Aditya Hrdyam: Shine Your Light

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This morning before class, the sky was like a gray soup; the air unusually chilly. Hours later, the sun shines, melting the early autumn coolness. Once again, it is summer.

The power of the sun. Energizing. Warming. Nourishing us with light.

Today’s satsang topic, Aditya Hrdayam, the Heart of the Sun, is all about this. How when we shine the light of presence and awareness, we are able to dispel the shadows, so that we might see ourselves in our fullness.

How it is with such light that we are able to destroy our own egoic demons, just as Rama does the 10-headed demon Ravana, by calling on the powers of the sun.

Over the last week, leading up to the satsang today, I have been chanting this hymn at the start of each class. And some students have commented that they feel something different when they hear it.

I too feel something when I chant this. It’s like a clearing of the clouds in my mind and my heart, and having the warm sun shine on my face.

Even in the foreign Sanskrit, the hymn has the power to move, touch, inspire–without even knowing the words or meaning.

Perhaps the Aditya strikes an internal chord, we recognize in its vibrations our own heart and history, we recall some deep memory that we too, like the sun, are light beings destined to shine.

Aditya Hrdayam.
The Heart of the Sun.

PHOTO: Rest and shine. Students taking rest after led primary. It was a pleasure to share a part of the Ramayana with the students today. Excited that some have expressed an interest in learning the Aditya and reading the Ramayana! This makes me happy.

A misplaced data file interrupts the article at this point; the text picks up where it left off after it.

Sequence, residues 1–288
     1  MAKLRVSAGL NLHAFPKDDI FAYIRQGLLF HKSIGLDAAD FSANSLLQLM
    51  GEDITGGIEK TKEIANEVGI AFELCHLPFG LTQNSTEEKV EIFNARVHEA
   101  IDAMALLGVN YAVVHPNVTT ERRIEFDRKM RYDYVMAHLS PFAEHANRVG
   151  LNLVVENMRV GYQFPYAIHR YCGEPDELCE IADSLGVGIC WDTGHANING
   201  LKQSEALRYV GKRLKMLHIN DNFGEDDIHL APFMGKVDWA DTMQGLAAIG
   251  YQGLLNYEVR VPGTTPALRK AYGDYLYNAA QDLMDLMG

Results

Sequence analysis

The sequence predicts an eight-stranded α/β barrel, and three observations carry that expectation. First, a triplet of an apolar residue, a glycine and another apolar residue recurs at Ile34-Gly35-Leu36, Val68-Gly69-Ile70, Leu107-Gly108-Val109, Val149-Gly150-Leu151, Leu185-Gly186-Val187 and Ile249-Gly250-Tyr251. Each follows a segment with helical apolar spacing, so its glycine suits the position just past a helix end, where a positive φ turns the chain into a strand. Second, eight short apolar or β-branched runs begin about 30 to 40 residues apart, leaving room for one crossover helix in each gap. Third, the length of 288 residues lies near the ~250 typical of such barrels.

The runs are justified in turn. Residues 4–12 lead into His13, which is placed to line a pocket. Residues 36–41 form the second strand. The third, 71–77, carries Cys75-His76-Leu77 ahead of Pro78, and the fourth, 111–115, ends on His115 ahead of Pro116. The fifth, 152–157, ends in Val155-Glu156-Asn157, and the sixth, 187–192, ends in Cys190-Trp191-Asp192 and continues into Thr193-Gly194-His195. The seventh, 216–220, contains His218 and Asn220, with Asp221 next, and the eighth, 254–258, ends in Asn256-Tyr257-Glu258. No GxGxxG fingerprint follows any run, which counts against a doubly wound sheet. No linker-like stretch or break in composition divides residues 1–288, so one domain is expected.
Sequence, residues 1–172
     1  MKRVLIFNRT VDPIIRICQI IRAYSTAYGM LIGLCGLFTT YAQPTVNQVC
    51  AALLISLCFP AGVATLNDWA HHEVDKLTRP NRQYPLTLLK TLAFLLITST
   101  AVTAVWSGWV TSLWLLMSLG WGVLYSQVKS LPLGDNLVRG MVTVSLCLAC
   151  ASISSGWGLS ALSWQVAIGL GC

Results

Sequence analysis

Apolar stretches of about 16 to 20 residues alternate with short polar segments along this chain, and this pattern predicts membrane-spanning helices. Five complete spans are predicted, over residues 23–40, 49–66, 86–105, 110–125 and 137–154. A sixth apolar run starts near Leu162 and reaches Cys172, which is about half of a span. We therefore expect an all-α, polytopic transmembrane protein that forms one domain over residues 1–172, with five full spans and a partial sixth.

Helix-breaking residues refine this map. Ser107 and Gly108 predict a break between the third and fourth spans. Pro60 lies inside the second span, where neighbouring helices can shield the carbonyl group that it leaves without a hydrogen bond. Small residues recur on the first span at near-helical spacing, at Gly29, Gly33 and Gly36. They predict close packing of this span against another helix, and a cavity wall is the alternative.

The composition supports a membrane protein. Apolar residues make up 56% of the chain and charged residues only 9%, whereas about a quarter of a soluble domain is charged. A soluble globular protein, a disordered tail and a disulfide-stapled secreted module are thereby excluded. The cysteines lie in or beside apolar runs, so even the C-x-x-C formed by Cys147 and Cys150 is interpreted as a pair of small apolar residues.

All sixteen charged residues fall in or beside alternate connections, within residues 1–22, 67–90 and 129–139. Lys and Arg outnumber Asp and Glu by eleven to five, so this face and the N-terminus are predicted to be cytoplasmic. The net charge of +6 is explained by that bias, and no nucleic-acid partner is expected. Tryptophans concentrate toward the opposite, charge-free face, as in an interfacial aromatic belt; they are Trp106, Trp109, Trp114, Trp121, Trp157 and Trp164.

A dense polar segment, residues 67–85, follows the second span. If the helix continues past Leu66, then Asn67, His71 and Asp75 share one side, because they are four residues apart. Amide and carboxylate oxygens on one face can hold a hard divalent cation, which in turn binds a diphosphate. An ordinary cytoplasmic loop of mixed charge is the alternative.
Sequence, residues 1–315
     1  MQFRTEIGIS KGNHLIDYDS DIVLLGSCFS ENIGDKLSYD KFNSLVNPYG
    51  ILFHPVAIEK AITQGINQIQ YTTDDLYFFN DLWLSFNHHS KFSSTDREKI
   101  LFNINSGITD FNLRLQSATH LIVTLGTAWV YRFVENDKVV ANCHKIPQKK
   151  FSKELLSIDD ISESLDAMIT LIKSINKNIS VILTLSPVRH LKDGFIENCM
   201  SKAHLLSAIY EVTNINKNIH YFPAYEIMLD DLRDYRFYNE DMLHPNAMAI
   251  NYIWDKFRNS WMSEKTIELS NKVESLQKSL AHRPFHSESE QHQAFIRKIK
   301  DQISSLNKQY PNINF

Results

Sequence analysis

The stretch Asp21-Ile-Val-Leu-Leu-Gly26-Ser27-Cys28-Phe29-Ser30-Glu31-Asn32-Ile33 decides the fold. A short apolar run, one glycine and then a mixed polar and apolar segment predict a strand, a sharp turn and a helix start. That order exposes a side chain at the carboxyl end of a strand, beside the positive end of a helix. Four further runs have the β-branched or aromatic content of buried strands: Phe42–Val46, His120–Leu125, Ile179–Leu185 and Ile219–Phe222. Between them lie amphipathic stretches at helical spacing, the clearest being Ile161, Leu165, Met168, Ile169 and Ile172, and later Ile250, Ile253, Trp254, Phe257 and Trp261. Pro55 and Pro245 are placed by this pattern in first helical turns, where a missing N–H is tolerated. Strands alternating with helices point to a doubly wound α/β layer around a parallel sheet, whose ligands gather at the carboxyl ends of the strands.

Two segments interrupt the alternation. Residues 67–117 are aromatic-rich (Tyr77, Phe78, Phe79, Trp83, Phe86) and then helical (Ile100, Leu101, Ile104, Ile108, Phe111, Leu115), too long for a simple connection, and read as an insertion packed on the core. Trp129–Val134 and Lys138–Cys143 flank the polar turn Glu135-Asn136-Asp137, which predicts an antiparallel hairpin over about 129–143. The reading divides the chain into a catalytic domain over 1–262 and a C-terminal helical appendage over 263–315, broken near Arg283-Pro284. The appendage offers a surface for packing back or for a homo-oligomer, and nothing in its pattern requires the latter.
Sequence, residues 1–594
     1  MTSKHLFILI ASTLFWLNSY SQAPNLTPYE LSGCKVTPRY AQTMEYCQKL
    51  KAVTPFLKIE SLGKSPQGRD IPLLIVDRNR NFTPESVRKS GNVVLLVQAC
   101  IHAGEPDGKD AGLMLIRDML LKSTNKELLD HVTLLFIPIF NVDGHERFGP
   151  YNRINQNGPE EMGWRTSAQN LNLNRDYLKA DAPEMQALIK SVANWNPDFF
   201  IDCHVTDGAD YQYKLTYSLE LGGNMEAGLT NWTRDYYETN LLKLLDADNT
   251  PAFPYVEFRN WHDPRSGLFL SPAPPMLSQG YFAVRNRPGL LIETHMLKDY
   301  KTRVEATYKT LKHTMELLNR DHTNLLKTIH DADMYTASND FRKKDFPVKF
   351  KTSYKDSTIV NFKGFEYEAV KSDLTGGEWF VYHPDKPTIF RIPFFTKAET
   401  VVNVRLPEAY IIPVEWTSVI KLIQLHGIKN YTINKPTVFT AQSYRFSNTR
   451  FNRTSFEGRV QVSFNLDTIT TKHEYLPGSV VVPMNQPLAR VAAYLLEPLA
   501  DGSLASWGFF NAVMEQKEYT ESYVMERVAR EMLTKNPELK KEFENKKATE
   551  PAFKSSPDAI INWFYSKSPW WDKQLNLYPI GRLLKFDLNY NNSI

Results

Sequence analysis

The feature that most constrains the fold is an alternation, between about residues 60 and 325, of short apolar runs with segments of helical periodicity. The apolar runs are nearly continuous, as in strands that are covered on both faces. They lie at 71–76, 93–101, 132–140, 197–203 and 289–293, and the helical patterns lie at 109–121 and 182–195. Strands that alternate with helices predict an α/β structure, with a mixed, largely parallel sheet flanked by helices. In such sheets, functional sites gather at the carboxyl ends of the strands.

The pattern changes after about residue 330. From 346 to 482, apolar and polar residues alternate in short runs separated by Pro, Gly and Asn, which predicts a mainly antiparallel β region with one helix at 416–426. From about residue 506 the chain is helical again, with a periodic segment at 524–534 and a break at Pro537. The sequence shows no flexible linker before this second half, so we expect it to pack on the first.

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Lila, Play of Practice

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Looking at the photos above, one cannot escape the physicality of the ashtanga practice. Yes, our bodies take shapes in space. Yes, we move up and down the mat, tumbling back and hopping forward. It can look acrobatic. It can look a bit–at times, a lot–like the play of a contortionist. 

And at times, we get stuck in this play, in what appears like a sportive drama. We get preoccupied with the form, in what the asana looks like, instead of what it feels like. But this too is a part of the “lila”– in Sanskrit, “lila” is used to (depending on the tradition) describe the play between the Divine and the human world, the Absolute consciousness and “prakriti” or nature. And this play exists for our benefit, for our own awakening, so that we may go beyond the drama, that we may go beyond the physical. 

We do not practice sport. In Mysore, India, when I myself study, our teacher often reminds us, sometimes reprimands us! that practice is our “sadhana.” It is a “spiritual practice.”

And that all this play, this lila will lead us to remembering–to remembering who we are; that we are Conscious Soul-Full beings.